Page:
A while back, a friend asked me some questions about getting started with Linux. He wanted to know specifically whether he should pick up a copy of RedHat at the local retailer — for something on the order of $80.
I sent him back some notes about choosing a Linux install (distribution, or “distro”), and thought there might be some information here worth repeating. Incidentally, you might find it worth trying a Linux Live CD (see below) even if you don’t think you’re a Linux person just to see how your hardware performs with another operating system – it can be eye-opening.
[callout title=Gnome or KDE?]When you start looking at distros, you’ll immediately notice that most identify themselves as either a Gnome distro or a KDE distro. Gnome and KDE started out as window managers, which meant that they were responsible for displaying, styling and managing the User Interface. Over time, though, both have turned into extensive library installs, much like Microsoft’s .Net framework. If you install a lot of applications, you’ll eventually end up with most of both frameworks installed, but only one of them (at a time) will actively run your UI. In any event, you should try one of each and see if you give a hoot which one you use. Read more about them here[/callout]
Don’t install yet…
Before you install anything at all, you can play with a one or two versions of Linux to see what you like about each of them. The easiest way for most people to do this is with a Live CD. A Live CD (or DVD) is a bootable image of an operating system. Just download the Live CD image (this will most likely be an ISO file), then burn the ISO file to a disc. Leave the disc in your optical drive, reboot your computer, and make sure your computer is set to boot off the optical drive before it boots off your hard drive.
If you followed along to this point, you should see Linux booting off the disc you just created. It’ll start up, detect most of your attached devices, acquire a network address via DHCP, and you should end up with a working Linux desktop in just a few minutes without making any permanent changes at all to your machine. When you’re done, just eject the CD and reboot back into Windows.
… or don’t install at all
The other way to evaluate Linux distros is with a Virtual Machine. Both Virtual PC from Microsoft and VMWare (Player or Server) are free, and both can be incredibly valuable for testing, development, and so on. Between the two, I’d pick VMWare — it’s fast, stable, and widely supported. Plus, if you choose VMWare, you can download pre-built images from their Appliances site. This can be even faster than using a Live CD once you’ve got VMWare installed.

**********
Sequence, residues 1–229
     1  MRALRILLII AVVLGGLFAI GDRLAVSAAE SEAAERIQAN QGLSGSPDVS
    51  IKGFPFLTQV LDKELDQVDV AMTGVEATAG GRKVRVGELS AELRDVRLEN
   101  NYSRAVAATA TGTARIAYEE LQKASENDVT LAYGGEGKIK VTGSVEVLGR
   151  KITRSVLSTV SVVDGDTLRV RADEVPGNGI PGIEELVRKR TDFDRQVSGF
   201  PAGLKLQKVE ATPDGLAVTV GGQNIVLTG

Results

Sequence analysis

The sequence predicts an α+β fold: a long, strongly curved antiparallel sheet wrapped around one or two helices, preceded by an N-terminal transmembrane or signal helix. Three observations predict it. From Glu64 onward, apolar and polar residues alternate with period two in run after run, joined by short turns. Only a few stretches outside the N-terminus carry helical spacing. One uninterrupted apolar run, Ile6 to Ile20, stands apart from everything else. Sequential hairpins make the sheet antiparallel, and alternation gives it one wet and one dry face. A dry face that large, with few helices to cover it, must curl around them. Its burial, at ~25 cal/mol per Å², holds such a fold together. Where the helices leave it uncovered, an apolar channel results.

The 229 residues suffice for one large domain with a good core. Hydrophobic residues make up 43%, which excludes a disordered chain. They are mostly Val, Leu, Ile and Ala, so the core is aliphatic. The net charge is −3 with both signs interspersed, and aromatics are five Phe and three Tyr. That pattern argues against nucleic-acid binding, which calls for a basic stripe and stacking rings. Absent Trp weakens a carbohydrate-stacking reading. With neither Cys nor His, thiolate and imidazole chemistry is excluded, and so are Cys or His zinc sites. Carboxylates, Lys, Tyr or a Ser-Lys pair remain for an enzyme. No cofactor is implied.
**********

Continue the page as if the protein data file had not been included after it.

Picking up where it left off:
The family tree
There are probably thousands of Linux distributions, or distros. For some sense of scale, see this list or http://distrowatch.com/. Despite these numbers, there are relatively few popular distros, and almost all of them have been formed by “forking” an existing distribution. Thus, any distro you pick will come from a small number of “root” distros. Take a quick look at this diagram to see what I’m talking about.
Although the specific lineage you pick shouldn’t matter much, you’ll usually see support articles refer to instructions for one or more of these roots, so it’s helpful to know if you’re running a Suse-based distro, or a Gentoo-based distro, and so on.
For what it’s worth, the most popular general-purpose distro right now is probably Ubuntu, so if you’re absolutely flummoxed right now about where to start, that would be a fine one to begin with.
But what about RedHat?
If you’ve made it as far as firing up one or two distros, you’ll realize that you’re not going to get much in the RedHat box that you don’t get for free somewhere else – after all, that’s the Linux way. If you still see something on their feature list that you want to pay for, go ahead, though – at least you’re an informed buyer now. Of course, if you insist on buying a distro, Suse’s enterprise distro is probably worth a look, too.
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